One key difference, however, is that while Europe may have brown bears, the grizzly bear subspecies lives only in North America, and the California grizzly, now extinct, lived only in the Golden State. If the brown bruins are to return to California, they must be brought from elsewhere in the country.

With wild grizzlies living only in Alaska, Washington, Idaho, Montana, Wyoming, and western Canada, the options are limited and must be weighed carefully, as the grizzlies in each region have evolved over millennia to exhibit unique behaviors and seek specific foods. Determining which grizzly would adapt best to California requires extensive multifaceted research, not least of which is figuring out what constituted the California grizzly’s diet.

devlin gandy, a cherokee nation citizen who is working with the california grizzly research network, gathers acorns near los osos, the nuts were a primary food source of the state’s brown bears
Devlin Gandy, a Cherokee Nation citizen who is working with the California Grizzly Research Network, gathers acorns near Los Osos. The nuts were a primary food source of the state’s brown bears.
Gordon Wiltsie

The Fossil Record Roars

Months before the road trip to Morro Bay, I visit the La Brea Tar Pits in Los Angeles. Fog floats over Wilshire Boulevard. It’s an unusually cold morning, even for January. As I take in the drama of the site’s iconic mastodon statues crying out to their companion mired in the Lake Pit, Alexis Mychajliw, a paleontologist, conservation biologist, and assistant professor at Middlebury College as well as a research associate with the Natural History Museums of Los Angeles County, informs me that I’m looking at a former mining site that has since filled with rain, mud, and asphalt. “It’s more like a dirty lake than anything else,” she says. “But don’t worry. We’ll get to observe some of the real tar pits.”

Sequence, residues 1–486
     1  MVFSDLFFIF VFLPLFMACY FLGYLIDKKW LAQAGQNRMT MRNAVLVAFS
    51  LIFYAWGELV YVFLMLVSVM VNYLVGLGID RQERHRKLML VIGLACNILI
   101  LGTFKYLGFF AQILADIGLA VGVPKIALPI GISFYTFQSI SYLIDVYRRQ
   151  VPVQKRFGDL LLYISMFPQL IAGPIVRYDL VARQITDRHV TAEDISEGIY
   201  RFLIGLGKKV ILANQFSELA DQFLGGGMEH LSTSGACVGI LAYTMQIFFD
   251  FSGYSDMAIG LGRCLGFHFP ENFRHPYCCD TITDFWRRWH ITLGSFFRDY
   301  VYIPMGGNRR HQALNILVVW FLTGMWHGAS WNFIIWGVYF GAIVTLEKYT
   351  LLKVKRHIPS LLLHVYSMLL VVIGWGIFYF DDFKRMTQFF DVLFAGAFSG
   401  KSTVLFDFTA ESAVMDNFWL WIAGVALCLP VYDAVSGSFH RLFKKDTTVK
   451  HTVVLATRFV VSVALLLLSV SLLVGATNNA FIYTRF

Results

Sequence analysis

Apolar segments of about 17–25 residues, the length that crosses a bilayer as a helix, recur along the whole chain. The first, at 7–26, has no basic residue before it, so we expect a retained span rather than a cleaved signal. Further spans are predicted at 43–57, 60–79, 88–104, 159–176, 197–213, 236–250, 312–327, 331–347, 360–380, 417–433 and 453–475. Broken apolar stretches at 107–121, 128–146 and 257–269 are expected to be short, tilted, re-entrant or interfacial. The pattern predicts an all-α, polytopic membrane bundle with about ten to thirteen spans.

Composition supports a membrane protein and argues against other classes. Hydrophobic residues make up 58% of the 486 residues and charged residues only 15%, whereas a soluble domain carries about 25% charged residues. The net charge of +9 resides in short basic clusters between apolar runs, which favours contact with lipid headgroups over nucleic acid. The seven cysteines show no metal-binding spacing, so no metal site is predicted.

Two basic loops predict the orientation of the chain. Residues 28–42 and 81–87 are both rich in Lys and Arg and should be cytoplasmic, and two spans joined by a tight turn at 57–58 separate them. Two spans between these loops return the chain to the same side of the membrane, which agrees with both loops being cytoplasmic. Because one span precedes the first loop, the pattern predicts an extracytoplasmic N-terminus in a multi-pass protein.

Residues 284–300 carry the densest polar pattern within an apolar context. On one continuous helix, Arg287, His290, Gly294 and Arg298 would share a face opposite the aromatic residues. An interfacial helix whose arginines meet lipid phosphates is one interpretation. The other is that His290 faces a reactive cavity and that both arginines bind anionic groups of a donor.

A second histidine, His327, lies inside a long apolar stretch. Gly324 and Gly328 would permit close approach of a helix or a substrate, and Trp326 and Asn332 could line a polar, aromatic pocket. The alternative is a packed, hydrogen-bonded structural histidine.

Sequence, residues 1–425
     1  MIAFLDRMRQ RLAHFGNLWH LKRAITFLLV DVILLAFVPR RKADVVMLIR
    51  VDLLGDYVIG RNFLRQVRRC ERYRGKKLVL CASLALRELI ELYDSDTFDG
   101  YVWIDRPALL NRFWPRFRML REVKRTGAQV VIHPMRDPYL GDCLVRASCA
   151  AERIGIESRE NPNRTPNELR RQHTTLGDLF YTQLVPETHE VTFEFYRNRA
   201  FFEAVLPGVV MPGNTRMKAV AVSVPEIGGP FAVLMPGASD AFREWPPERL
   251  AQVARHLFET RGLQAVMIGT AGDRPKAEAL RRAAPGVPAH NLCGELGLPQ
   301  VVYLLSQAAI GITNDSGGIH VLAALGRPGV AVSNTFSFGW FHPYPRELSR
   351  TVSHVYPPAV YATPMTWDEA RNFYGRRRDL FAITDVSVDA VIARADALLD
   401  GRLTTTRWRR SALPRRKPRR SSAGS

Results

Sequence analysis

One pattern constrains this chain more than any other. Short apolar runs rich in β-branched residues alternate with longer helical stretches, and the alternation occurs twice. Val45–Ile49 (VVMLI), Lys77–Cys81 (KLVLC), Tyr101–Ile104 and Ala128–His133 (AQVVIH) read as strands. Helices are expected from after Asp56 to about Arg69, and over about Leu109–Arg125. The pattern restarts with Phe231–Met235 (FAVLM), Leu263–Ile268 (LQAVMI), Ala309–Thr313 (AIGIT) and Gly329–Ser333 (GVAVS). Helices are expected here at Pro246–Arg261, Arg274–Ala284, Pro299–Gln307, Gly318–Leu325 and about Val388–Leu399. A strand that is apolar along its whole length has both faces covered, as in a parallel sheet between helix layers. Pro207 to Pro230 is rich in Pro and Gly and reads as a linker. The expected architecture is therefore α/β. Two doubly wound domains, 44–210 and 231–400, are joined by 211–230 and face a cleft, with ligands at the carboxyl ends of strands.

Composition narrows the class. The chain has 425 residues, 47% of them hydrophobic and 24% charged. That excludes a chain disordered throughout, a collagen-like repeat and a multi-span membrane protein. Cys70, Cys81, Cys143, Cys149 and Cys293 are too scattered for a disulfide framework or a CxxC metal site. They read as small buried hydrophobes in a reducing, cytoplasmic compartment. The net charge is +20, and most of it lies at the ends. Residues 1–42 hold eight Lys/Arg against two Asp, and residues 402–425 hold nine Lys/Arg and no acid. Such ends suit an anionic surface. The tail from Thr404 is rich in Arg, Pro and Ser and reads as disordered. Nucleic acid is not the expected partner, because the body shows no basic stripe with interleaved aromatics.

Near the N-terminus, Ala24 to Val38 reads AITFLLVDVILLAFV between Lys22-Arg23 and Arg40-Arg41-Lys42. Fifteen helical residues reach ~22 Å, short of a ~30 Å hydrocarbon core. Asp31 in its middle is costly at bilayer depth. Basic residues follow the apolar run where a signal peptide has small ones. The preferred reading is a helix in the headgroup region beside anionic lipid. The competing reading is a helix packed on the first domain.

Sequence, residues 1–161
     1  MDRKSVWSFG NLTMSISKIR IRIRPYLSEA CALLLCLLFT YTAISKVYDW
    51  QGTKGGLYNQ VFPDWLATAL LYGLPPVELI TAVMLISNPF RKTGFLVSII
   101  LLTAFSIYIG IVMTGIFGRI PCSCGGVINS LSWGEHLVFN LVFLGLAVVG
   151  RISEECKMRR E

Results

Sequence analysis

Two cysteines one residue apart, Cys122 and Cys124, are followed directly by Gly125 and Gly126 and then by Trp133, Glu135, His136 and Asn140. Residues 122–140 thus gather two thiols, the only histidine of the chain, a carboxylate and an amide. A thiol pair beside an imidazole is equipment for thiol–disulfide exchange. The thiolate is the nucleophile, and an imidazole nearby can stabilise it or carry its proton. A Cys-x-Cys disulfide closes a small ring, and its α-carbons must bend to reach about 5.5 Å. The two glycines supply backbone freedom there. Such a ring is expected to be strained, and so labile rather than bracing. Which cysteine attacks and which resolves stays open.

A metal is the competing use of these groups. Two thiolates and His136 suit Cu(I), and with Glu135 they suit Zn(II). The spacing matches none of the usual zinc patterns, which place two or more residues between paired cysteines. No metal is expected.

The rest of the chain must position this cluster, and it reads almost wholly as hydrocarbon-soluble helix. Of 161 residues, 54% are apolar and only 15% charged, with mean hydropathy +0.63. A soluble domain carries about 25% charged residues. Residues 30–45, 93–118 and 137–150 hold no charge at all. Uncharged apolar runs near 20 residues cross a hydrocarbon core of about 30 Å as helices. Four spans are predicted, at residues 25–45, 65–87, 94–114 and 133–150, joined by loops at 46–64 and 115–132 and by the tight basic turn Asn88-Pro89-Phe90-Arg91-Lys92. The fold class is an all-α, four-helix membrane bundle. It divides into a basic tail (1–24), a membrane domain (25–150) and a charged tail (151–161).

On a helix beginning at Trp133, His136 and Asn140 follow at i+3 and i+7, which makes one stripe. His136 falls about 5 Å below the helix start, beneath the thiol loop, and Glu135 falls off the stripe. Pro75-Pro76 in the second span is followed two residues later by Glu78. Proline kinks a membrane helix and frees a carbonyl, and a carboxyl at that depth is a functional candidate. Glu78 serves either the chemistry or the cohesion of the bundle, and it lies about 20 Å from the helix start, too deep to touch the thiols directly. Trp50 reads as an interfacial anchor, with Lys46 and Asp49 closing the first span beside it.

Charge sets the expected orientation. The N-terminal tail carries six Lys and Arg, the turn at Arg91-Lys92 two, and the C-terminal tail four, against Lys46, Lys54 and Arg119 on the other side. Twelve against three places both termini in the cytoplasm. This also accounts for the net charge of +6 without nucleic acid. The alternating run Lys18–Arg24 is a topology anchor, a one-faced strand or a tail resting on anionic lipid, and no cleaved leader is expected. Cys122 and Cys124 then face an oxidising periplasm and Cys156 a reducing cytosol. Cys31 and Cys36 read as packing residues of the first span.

I turn to face the museum behind us, a megalithic-looking compound with a frieze depicting prehistoric animals snarling, eating, and chasing one another. Mychajliw speaks in a relaxed voice, enunciating every syllable as she walks toward the open green lawns that lead away from the lake and the museum: “I want you to see the pits outside; then we’ll visit the Fossil Lab inside the museum.” Researchers have excavated the remains of around 2,500 saber-toothed cats and more than 3,600 dire wolves from the local pits, but they have lifted only a handful of bears from the gloopy earth. The reason, I guess somewhat correctly, is that most bears were too clever to get caught. “Maybe they also weren’t scavenging as much as we think something like the dire wolf and saber-toothed cat that was attracted to those sites did,” Mychajliw says.

We tread through damp grass until we reach Pit 10, which looks like a small pond caked in muck and leaves. Below this layer, its black sludge swallowed a slew of exotic beasts, including a California grizzly that was discovered in 1914. An examination of the bones and later radiocarbon dating indicated that the bear was a small female that lived around 6,000 years ago. What caused the female grizzly to risk entering the tar is unknown: it could have been a desperate act to retrieve food or to rescue a cub, but the bones have yet to tell that part of the story. What they do reveal, however, is what the California grizzly ate.

I follow Mychajliw back toward the museum and into the Fossil Lab, where scientists hunch over microscopes and stride from desk to desk with specimens in gloved hands. It feels like a scene from Jurassic Park except that some of the creatures being examined still exist. Mychajliw calls me over to a large back room with shelves full of fossils and other specimens. She picks up the skull of the California grizzly bear we were discussing and, surprisingly, lets me hold it. The side of the skull reads, in white print, “Pit 10.”